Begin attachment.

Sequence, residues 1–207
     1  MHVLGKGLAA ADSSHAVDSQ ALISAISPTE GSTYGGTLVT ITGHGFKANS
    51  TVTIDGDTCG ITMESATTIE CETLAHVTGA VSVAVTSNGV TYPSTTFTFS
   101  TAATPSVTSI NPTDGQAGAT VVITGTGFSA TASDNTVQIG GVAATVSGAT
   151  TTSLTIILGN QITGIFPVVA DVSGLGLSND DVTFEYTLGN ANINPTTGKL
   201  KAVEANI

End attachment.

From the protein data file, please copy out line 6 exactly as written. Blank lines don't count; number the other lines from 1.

   201  KAVEANI